Sunday, July 25, 2010

Regarding Coding Style Goals

I'm currently creeping my way through a Javascript book. It's taking longer than I would like since it's not high enough on my priority list at the moment, and because it's summer. In the interest of keeping things rolling, I thought I might write about code aesthetics today. Everyone who programs has a slightly different preferred coding style. Here are a few of the things that I love to see when reading code and strive to do when writing it. Take a moment and think about general coding practices you like. Now you can be amused by how similar, or different, our priorities are.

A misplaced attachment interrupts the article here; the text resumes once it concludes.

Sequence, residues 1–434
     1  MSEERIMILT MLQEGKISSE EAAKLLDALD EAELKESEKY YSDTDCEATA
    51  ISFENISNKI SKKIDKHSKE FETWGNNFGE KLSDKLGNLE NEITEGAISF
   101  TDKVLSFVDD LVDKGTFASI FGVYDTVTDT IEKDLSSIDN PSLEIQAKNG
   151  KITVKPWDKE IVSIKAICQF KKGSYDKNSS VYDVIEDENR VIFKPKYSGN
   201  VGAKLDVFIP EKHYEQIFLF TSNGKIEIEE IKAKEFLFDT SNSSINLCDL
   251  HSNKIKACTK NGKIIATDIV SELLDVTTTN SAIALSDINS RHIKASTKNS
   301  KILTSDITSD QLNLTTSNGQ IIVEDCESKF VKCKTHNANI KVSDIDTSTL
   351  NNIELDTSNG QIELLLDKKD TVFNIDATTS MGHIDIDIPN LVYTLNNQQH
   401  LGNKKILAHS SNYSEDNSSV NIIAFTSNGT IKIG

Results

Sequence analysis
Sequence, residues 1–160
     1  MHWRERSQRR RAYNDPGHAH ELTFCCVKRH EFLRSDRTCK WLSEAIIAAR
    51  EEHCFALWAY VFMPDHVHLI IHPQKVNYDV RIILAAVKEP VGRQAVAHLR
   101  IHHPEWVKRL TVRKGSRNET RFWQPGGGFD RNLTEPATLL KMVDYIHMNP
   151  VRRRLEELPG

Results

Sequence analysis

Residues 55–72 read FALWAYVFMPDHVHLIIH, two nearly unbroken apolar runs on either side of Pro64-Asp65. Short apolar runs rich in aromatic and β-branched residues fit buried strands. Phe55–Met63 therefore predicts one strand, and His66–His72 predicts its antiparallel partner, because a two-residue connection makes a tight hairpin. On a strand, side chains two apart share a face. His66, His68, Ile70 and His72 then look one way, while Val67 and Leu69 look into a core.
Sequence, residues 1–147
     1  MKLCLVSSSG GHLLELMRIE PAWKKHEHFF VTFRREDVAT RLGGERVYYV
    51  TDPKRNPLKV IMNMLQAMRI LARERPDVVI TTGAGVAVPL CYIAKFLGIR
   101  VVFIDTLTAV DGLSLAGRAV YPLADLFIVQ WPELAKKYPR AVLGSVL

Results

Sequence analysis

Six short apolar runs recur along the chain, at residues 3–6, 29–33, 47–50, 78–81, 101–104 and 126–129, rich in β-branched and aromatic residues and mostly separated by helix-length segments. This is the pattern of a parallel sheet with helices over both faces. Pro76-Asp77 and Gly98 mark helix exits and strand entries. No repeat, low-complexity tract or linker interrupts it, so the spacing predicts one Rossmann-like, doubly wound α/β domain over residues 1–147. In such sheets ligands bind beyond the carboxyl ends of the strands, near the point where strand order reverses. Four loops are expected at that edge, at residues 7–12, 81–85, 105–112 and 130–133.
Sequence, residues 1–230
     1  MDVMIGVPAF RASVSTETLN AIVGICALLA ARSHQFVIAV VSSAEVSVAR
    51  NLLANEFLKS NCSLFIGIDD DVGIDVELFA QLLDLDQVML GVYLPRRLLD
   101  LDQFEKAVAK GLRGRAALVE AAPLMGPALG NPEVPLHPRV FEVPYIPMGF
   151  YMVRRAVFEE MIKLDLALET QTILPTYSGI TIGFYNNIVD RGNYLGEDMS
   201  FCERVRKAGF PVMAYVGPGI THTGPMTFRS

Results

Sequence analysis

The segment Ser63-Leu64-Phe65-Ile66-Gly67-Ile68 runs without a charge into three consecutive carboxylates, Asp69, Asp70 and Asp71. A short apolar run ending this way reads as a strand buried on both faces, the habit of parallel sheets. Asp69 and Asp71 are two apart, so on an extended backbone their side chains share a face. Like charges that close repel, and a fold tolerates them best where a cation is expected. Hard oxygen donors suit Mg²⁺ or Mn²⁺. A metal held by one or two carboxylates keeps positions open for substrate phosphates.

When I'm reading code, I love seeing things that improve my ability to grasp both what the code is doing and where that piece fits in the larger whole. Descriptive naming is a huge help, and it goes beyond just what you call your functions and variables. I enjoy seeing complex Boolean tests broken into logical parts using descriptive Boolean variables. Meaningful constants in place of literals, especially numeric literals, are a joy to read.  Naming in libraries can help their users understand not what they are but their focus as well. Whether I prefer seeing a pattern like FileOpenFileRead, and FileClose to OpenFileReadFile, and CloseFile in a function library depends on what the library is for. The naming should reflect the usage pattern. If the library is focused on file I/O, I like the File part first. If it's a generic I/O library that provides similar operations across a large type of targets, put the operation name first and the File/Socket/PrintBuffer part next. I usually name GUI widget variables using the style of typePurpose, resulting in names such as labelTitle, and buttonStartCountdown, to make them easier to find both in graphical designers and the code. Similarly, I like to reflect class hierarchies in their naming. For example, think about an abstract socket class and two concrete subclasses implementing UDP and TCP sockets. I prefer the naming to help me see not just what the classes represent, but their relationships too. So, I wouldn't call them AbsSocketTcpSocket, and UdpSocket. Instead, I'd call them SocketSocketTcp, and SocketUdp, or something along those lines. Note the effects on auto-completion with this scheme: typing the base class will give you the subclasses because the name directly reflects the inheritance relationship.  And you can't talk about clarity without mentioning comments. Comments that tell why something is being done the way it is are often more important than comments that tell what is being done. And of course, misleading, incorrect, and out of date comments can quickly destroy your code's clarity.